Mr. Versitality - Ringo Starr - Rocks Again!

By John Whelan

Mon, 28 Dec 1998

Incredible is the only word to describe it! Ringo has now produced two outstanding back-to-back CD's for Mercury Records. First it was "Vertical Man" and now it's with "Storytellers." Ringo using the talents of Mark Hudson and the main musical entourage used on "Vertical Man" CD has helped Ringo find the right "chemistry" in making music that not only rocks, but is fun and enjoyable to listen to.

"Storytellers" is a "live album" of music (for VH1) which chronicles both his Beatle and solo years...most of the compositions are Ringo's (in some cases some songs were written With A Little Help From His Friends) while two other songs are from Lennon-McCartney which are included in this showcase. In-between the songs, Ringo provides some very noteworthy stories as to how the songs came about into being...a great way to cue up the songs and keeps the theme of the VH1 special -- Storytellers -- moving along. Somehow the mix of Starr's stories and his excellent music performed on this CD makes this a "must-have" in any Beatle solo collection.

Did I just say excellent music is performed on "Storytellers"? Right, I did.

In fact what makes this album work out so well is that the musicians are not trying to upstage Ringo. When the musicians sing harmony for Ringo, they try and do sound very close to the original LP/CD and single releases. For example, on "It Don't Come Easy" the band harmonizes on parts that you would hear in the single and do a very good job of it too. It even gets better on "Octopus's Garden" and "Photograph". The vocal harmonies on "Octopus's Garden" are as about as close and identical (no exaggeration here) to that of his song found on "Abbey Road". You'll be thinking your listening to John Lennon on stage with Ringo on this number. Ringo's band are not only good vocal impersonators on this number but also great guitar impersonators here as they hit almost note perfect the chords that Harrison plucked out for Ringo during the original recording of "Octopus's Garden". On "Photograph" the harmony backing and Ringo's mournful voice are faultless as the original hit and while what may be lacking from the original string arrangement of "Photograph," the bands performance is more than accomplished enough on this number to make it a truly enjoyable listening experience once again (after all these years!). Magic and fun can be found on "Don't Pass Me By". This is one those songs found on this CD which is, in my opinion, better than the original release. Could it be that the band actually sounds like they're performing together (as a unit) and are having fun on this number as they give it their best country swing to Richie's song? Definitely so! In fact, Scott Gordon's harmonica playing on this number really adds something extra to the song and gets the band moving nicely on it. At the end of the song Ringo was surprised but noted that the song had "some youngsters in the front singing it." Ready for some strident guitar work on this album? Look no further than to "Back Off Boogaloo." As in the original hit, which the song demands excellent guitar licks and a steady beat, this live performance of "Back Off Boogaloo" is a real treat. I've always thought the guitar work and drumming and the pace of the song must of been tricky to perform in the studio...but the band backing up Ringo here do a very admirable job in coming close to original as possible. For a live number, this turned better than what I expected from the CD (which means folks, pretty darn good!).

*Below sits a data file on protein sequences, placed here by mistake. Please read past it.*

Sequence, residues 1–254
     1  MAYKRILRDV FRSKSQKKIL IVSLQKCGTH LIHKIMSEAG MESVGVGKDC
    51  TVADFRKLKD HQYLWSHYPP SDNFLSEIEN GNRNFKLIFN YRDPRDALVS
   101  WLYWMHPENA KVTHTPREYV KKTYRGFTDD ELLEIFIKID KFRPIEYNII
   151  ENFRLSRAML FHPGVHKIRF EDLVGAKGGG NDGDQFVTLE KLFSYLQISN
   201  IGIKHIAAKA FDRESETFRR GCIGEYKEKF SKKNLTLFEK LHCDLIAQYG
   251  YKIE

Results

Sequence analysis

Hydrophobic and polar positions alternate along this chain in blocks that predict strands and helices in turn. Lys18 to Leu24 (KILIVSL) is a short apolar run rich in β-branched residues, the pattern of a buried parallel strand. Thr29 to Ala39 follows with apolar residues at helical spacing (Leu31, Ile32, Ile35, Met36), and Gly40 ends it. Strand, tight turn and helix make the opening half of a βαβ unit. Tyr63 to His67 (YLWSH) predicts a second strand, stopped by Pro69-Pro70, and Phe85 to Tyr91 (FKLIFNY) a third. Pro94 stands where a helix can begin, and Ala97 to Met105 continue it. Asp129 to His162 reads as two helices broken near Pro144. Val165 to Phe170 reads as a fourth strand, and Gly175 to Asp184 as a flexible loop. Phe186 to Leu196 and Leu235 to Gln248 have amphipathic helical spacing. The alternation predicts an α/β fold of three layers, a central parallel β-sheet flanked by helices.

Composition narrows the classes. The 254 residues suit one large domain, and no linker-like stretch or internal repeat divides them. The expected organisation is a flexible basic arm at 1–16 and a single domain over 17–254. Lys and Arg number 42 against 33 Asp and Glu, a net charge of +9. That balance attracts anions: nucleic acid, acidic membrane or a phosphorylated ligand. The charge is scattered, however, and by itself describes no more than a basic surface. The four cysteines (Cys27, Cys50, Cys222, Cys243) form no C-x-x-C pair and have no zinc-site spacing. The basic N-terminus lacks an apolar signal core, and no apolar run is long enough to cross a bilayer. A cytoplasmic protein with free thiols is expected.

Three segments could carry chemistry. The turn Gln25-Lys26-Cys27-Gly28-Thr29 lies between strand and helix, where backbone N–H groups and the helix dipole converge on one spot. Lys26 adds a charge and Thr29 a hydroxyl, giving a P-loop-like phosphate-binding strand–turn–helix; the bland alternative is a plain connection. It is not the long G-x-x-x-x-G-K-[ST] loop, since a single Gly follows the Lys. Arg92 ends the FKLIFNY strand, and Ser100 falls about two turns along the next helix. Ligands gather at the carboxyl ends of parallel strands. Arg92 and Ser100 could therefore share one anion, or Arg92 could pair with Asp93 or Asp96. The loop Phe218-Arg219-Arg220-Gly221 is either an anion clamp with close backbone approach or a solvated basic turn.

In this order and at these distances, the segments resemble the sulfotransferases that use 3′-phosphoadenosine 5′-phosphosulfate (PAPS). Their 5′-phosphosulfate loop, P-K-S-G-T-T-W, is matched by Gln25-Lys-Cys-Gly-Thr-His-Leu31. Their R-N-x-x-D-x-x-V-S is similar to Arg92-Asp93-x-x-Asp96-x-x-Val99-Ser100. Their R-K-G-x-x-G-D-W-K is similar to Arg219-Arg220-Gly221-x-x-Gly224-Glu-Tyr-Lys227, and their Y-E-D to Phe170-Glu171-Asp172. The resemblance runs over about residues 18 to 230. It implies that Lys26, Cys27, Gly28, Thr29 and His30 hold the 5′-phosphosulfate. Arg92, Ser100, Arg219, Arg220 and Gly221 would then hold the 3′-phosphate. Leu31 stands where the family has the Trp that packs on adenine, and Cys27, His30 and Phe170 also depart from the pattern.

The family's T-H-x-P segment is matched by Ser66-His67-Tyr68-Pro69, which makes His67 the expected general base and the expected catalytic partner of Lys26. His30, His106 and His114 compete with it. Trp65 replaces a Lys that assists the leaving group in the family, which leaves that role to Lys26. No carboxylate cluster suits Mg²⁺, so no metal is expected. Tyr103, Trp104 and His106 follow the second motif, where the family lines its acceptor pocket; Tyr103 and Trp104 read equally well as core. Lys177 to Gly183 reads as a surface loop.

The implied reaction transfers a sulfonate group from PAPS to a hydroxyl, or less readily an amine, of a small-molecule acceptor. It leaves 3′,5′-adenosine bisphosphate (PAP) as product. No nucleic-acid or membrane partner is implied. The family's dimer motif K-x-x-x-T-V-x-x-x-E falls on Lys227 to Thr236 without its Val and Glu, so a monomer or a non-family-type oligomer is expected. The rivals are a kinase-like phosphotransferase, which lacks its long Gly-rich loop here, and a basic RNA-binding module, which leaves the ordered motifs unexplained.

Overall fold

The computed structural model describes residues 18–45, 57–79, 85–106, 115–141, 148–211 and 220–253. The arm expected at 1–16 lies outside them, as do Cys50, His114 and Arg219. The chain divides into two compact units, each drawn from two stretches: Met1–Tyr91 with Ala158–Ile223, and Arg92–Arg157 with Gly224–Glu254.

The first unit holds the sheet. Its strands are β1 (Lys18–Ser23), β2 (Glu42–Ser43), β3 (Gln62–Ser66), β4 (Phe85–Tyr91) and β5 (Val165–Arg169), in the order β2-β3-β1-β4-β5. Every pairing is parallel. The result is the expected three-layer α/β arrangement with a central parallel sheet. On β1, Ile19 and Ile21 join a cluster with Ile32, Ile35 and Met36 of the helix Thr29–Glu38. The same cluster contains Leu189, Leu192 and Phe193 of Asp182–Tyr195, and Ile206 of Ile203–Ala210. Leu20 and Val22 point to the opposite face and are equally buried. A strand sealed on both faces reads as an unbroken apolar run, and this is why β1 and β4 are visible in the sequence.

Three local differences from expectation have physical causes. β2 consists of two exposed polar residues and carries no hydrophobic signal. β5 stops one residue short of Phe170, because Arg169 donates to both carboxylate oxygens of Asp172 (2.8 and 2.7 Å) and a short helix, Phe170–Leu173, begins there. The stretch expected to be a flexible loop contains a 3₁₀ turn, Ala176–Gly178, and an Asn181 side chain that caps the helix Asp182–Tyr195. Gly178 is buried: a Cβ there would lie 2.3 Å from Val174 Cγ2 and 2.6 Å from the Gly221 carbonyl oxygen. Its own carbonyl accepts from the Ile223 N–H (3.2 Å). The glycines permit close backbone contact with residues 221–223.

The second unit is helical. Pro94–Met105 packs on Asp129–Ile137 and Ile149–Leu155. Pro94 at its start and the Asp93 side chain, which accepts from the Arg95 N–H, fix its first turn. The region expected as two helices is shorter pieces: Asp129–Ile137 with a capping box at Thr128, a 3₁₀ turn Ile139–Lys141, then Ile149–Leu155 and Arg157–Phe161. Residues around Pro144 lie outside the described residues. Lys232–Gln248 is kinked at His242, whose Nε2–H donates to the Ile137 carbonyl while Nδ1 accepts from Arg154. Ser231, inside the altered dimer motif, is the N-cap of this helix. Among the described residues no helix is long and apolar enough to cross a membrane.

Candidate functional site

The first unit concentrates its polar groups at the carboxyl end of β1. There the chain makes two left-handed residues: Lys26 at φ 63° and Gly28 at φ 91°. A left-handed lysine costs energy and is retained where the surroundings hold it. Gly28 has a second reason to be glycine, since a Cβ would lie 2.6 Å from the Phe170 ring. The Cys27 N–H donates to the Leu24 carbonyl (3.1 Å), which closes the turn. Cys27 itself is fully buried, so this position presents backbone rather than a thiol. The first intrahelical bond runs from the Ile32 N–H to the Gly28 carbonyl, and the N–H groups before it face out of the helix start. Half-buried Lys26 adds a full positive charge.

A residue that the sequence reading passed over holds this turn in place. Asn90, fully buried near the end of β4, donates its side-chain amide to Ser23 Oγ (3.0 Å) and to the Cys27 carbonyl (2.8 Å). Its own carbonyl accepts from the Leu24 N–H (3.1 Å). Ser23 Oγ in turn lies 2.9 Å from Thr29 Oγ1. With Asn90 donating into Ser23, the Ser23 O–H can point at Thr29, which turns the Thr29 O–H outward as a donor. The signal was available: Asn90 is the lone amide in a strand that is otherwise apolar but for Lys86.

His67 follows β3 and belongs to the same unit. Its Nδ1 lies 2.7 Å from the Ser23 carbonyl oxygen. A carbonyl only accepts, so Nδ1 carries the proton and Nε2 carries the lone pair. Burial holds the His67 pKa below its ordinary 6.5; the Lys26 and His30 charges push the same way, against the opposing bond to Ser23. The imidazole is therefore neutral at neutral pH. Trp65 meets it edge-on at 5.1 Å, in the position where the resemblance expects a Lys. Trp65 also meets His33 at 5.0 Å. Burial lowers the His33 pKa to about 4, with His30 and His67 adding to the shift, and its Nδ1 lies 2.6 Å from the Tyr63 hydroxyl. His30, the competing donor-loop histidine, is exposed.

The two Lennon-McCartney numbers are "Love Me Do" and "With A Little Help From My Friends". Ringo's treatment of "Love Me Do" is exactly the same as the one found on "Vertical Man" - only difference here is that you're hearing the live version and, maybe in some ways, even sounds just a little bit better than the one on Vertical Man...but not by a whole lot...just the fresh live performance resonates Ringo's feel for the song. "With A Little Help From My Friends" is a song as Ringo says "been following me around for the past thirty years"...need I say more here? Great opening number for "Storytellers" and Ringo closes the album with it as well. There are more tracks on this CD but the balance of the songs are from "Vertical Man." Ringo selected "I Was Walkin'", "King of Broken Hearts" , "La De Da", and "What In the...World". And there is nothing short in the performances of these songs. In fact, they are performed identically to what you hear (if you happen to have bought a copy) on "Vertical Man" and are very enjoyable to listen to. Overall, this is a great album from Ringo. I will give Ringo on a scale of 1 to 10, definitely a **10**. Hats off to Mark Hudson and Scott Gordon who did a truly amazing mixing job of the music considering it was recorded in a modest VH1 studio. You guys certainly have "aced" this project for Ringo! Well done! Looking for more great material from you guys in '99!

- John Whelan

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